On the other side of the highway a snow plough hurtled southward. The headlights of their rented car shone on a set of tyre tracks cut through the white.

‘It’s getting worse, buddy,’ Driver said. ‘Huh.’
‘You were asleep. Sorry.’
‘No. Just drifting,’ Passenger said.

‘The flurries are getting heavier.’
Passenger leaned towards the windscreen.
‘I can’t see properly; I think my eyes are rolling.’
‘We’ll stop soon. I need to eat,’ Driver said.
‘I told you we should have waited until morning.’
‘Welcome to Canada, I suppose.’
‘It’ll be worse the further north we go.’
‘Not necessarily.’
In a large hall bordered by eateries they ordered and ate food from a Lebanese sandwich bar. Driver washed his down with beer. Passenger dropped his half-eaten roll on the tray, picked up a plastic cup. Sipping through a straw made him wince.

‘What’s wrong?’ Driver asked.
‘I can’t open my mouth properly. The doctor says its jaw ligaments. I had an ear infection for most of January.’
‘I’m surprised you made it on the plane at all.’
‘Man, this place is busy for midnight,’ Passenger said.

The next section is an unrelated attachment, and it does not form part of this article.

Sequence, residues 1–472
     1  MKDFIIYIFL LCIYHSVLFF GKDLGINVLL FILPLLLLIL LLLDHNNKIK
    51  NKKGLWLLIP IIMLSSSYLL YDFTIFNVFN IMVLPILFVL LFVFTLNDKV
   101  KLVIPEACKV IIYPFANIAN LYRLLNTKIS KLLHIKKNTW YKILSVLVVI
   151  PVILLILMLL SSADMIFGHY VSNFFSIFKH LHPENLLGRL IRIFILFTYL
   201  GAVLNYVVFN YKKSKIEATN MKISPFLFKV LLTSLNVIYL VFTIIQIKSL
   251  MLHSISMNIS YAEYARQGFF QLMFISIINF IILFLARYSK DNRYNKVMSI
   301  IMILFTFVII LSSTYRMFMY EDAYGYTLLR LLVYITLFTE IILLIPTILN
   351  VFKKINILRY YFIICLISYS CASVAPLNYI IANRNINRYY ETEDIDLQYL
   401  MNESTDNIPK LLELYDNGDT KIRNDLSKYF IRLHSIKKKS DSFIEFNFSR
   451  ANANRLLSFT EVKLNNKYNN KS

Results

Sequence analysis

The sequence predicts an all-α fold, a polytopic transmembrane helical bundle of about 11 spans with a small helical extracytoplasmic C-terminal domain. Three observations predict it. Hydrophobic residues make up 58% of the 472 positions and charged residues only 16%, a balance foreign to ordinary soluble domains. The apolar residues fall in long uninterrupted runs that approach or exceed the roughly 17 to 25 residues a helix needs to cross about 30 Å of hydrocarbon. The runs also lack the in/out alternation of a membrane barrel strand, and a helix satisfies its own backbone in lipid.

‘There’s a casino further on, where there’s nowhere to eat. We’ll be passing it.’
‘We could stop there.’
‘Now you’re talking,’ Driver smiled.
‘Have you been, here?’
‘We were in one the day after Christmas.’
‘Good?’
‘Good craic.’
‘That’s right, you didn’t make it home.’
‘No, I didn’t.’

On the verge beside the casino stood a Native American figure made of neon tube lights. Driver checked on Passenger, sighed and depressed the accelerator pedal harder than before. An hour passed before Passenger woke.

‘What about the casino?’ he asked.
‘About a hundred k’s that way, if you want to go back.’
‘Sorry. But I needed that.’
‘We’ll need to stop again for gas.’
‘Okay. Wake me.’
‘Okay.’

Passenger held the nozzle into the tank. The wind that blew drifts of snow across the filling station car park numbed his head. When the counter read fifty he sat into the car, turned the key to ignition and the heating dial to red. He watched Driver cross the forecourt to the car and saw he had bought caffeine tablets and cigarettes.

‘Set?’ he asked.
‘Good to go, now. You?’
‘Yeah, better.’
‘We’ll rip it up when we get there.’
‘That’s the stuff, buddy.’
‘What’s with this “buddy” thing?’
‘That’s what people call each other here.’
‘I didn’t know that.’
‘We’ve about two hundred kilometres left, a little more perhaps.’
‘That’ll get us in around three.’
‘Around then. There’s a bar at the hotel.’
‘That’ll do,’ Passenger said.
‘There’ll be places open. It’s not like home.’
‘I get you. Wake me if you need to.’
‘Okay.’
‘Stick to the tracks; wake me if it gets heavier than this.’
‘Will do, boss.’